Things I'll miss

With cold weather creeping into the garden, and our first sub-freezing temperatures coming tomorrow, there will soon be less to see around my yard. These are some of the things I'll be missing soon...

...starting with the castor bean. I love the bamboo -- it's a "ten" for me -- but the dark-leaved castor bean next to it turns it up to eleven. What else will I be missing?


The time for a change

I really love early autumn, when the leaves have started falling but the coldest weather hasn't arrived yet. When a cool, sunny morning invigorates you, an extra morning jolt.

It's the change in colors that I think I like most -- when the greens of the trees and the lawns get replaced with reds and yellows and browns. It's a change in the garden that I have nothing to do with (other than choosing the climate in which to garden), and I can just sit back and watch it happen.


Bananas and Oranges

Both are fruits that you won't be seeing in my garden, but the combination of the Musa basjoo hardy banana leaves and the orange fall colors of the bald cypress Taxodium distichum make this corner of the garden such a happy place on a sunny autumn day!

With a temperature in the mid-80's (29ÂșC) yesterday, it seemed much more like banana weather than autumn, but I'll take every sunny day I can get when the bald cypress starts to change color!


Keeping Fall out of the pond

It's the time of year when my small pond is in peril. One of the suggestions you'll read when deciding where to put your pond is that it should not be near large trees due to the shade they provide and the leaves they will drop. Of course I put my pond directly under a large maple -- I didn't have another choice!

Autumn is the time of year that this becomes a problem, as shade the pond can tolerate -- piles of leaves in the water it cannot. The first year I just let the leaves fall and then pulled them out of the water later. This was really not fun, and I won't repeat it. Now I cover the pond with a net for a week or two until all of the leaves are down. It's not easy, it's not fun, but it's better than the "pull them out later" method.


How does it happen?

The question posed in the title of this post is meant in two different ways. The first is a general "how does it happen?", and the second is actually "how does it happen to me?". I'll get to the second one soon, but first, everybody who grows plants has a favorite "type" or genus. Something that really gets them excited like no other plants do, and results in them having a collection -- even though that was never their intent when they started gardening.

For me it's bamboo. For others it's tomatoes, or agaves, or cactus, or roses -- there's somebody who is crazy about every type of plant. Why is this? How does this happen? How does "ah, that's a nice plant" transform into "I must have as many species and varieties as possible!" Maybe a better question is: why does it happen for some people, and not for others? Take for instance, begonias.


Product Review: Liquid Fence Deer & Rabbit Repellent

I don't do many product reviews on this blog, as I don't think that's what both most of you come here to read. Occasionally though I'm contacted by a company that sells a product that I think would be worth reviewing, and today you get to read about one of those.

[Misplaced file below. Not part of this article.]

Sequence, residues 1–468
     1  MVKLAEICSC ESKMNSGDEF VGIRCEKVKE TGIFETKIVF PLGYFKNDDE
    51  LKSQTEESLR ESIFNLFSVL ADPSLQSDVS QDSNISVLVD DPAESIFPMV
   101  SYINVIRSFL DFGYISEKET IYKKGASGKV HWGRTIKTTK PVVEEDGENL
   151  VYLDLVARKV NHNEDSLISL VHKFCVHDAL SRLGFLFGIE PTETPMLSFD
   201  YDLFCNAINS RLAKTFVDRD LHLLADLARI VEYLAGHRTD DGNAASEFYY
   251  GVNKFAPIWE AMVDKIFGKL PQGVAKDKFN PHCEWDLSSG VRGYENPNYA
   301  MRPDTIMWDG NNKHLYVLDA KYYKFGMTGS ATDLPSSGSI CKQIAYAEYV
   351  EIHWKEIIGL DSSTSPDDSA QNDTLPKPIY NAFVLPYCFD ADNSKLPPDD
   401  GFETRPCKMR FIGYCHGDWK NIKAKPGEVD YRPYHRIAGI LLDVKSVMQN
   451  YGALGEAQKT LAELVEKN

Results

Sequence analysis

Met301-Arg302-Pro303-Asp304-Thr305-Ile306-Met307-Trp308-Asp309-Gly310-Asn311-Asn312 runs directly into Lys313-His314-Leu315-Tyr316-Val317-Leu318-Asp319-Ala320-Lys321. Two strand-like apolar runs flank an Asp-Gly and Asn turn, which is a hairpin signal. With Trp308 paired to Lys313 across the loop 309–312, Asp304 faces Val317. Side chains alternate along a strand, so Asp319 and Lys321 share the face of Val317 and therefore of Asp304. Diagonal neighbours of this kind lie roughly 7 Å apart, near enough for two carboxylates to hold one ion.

The product is Liquid Fence Deer & Rabbit Repellent, and although I was sent a bottle of this free of charge early in the growing season, I wanted to give it a good long test before talking about it. My verdict: it works! But...


Finishing the rose removal

Recently I started removing a climbing rose that was infected by Rose Rosette Disease. At the time I just pruned the poor thing to the ground, saying that I'd remove the roots later.

Part of my delay was that I wasn't sure what plant to put here in its place. This is the type of thing I might have thought about over the winter a few years ago, carefully weighing the pros and cons of every perennial vine that would grow in my climate. Not now though -- I don't have the patience for that anymore. Now I just weighed a few choices, saw a plant I knew I wanted to grow, ordered it, and dug in.



Earlier in my gardening career I had much more time for discovery, and finding fresh mushrooms was one of my delights. I'd grab my point-and-shoot Canon set to macro mode, lay down on the grass or mulch or whatever, and snap away.

These days I'm still excited by mushrooms, especially when a big one pops up after a few days of rain. (If you don't think you have enough mushrooms in your garden, get tree chippings. The free mulch I use contains plenty of fungal spores it seems.) I noticed this one the other day, then saw it ripped out the next morning -- probably by a raccoon. So I grabbed it, flipped it over, and started snapping photos.


Keeping up with the Joneses

I have a lot of gardener friends. Not as many as some people, but quite a few. Although a few of them live in the St. Louis area, most of them live in different parts of the country in completely different climates -- which makes some of their blog posts a challenge to read for me. Sometimes it's the talk (and photos) of really wonderful plants that I've never heard of, when I'll sort of nod and think "ah, nice plant" but then put it out of my mind. If it's a zone 7 or 8 woody plant, I can't grow it (probably) so why torture myself thinking about it?

At other times though the talk (or photos) of these not-for-my-climate plants really gets to me, and I feel jealous: I want to grow those too! This is the case with many succulents: Agaves, Aloes, Cactus. When Gerhard (Succulents and More) or Gail (Piece of Eden) or Loree (Danger Garden) start talking succulents, I go a bit green -- not in the way that gardeners are supposed to -- and feel left out. Until now that is.


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